By the time the previously mentioned pre-production U33Bs arrived on the NYC in September 1967, though, the carbodies being utilized were already the Phase II style and exhibited flat screens over the air intakes and a small taper or faring ahead of the radiator itself. To be more specific, you can identify these early U33Bs as Phase IIa. Phase IIb Boats, on the other hand, would see the taper or faring disappear from the radiator, and Phase IIc units would have their air intake coverings become raised corrugations. One final production change impacting the U36B production, in particular, would be the later Phase IId alteration initiated in early 1971 whereby the rib or drip rail that had run along the side edge of those radiator wings from the get-go would be removed. Consequently, all U33Bs were built with this drip rail while the bulk of the U36Bs were not.

That brings us to MRN’s sample of PC 2916, the prototype of which was delivered within a batch of 20 units in November 1968. The HO-scale rendering correctly displays attributes of Phase IIb production with the flat air intake screens nicely rendered from photo-etched parts. Additionally, it is equipped with the correct Sinclair style antenna on the cab roof, has its three- chime horn mounted to the left side on the hood directly behind the cab, and properly rides atop AAR Type B trucks.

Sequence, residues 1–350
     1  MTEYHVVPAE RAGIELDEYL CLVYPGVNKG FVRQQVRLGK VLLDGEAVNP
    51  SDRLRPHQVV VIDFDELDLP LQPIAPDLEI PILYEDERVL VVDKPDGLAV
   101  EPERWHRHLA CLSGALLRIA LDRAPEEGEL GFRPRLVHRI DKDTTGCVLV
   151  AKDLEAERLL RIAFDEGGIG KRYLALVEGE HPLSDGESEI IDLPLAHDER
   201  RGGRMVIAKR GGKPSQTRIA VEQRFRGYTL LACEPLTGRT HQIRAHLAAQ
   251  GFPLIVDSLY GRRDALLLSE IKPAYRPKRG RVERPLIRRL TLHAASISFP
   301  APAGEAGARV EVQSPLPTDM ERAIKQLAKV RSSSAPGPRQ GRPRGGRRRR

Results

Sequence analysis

Wrapped in an excellent application of satin black paint and sharp white graphics per the railroad’s practice, it’s a picture-perfect, as-delivered PC unit, except for one detail: the radiator wings lack the aforementioned drip rails. It would appear Atlas has tooled up only one radiator housing design, which lends itself well to the U36Bs it is producing but leaves the U33Bs somewhat naked in the eyes of the rivet counters. Nonetheless, for those concerned by the omission, adding the appropriate ribs made from some Styrene strip stock shouldn’t be too difficult for even the novice model railroader.

It’s interesting to note, Penn Central amassed a fleet of 83 U33Bs, starting with NYC’s pre-production units (numbers 2858 and 2859). After the merger, 66 more 3,300-hp units (numbers 2890–2955) were delivered between September and December 1968. PC management returned to GE for more units in mid-1970 and accepted 15 U33Bs that had originally been ordered by the Rock Island, which joined the PC roster as numbers 2956–2970. All 83 units survived the road’s merger into Conrail in April 1976 and carried the same road numbers through to their retirements in the early-to-mid 1980s.

In this comparison shot of the HO-scale U33B alongside an Atlas late-phase U30B model, one can see how the larger radiator housing of the 3,300-hp unit became the key feature railfans could use to distinguish these two U-boats apart. This view also affords us a sampling of the wonderful photo-etched screen and grille coverings found on these Atlas GE models, as well as the numerous other separately applied detail parts.

Regarding Penn Central 2916, the U33B joined Conrail’s roster as 2916 and reportedly received its first coat of blue paint in June 1978. Not long after that, the unit was retired and sold to Boston & Maine (Guilford Rail Systems) in 1984, becoming that road’s number 190. Boston & Maine 190 served for another four years, however, before seeing final retirement in August 1988. It was subsequently sold for scrap in 1992.


DCC Conversion and Operation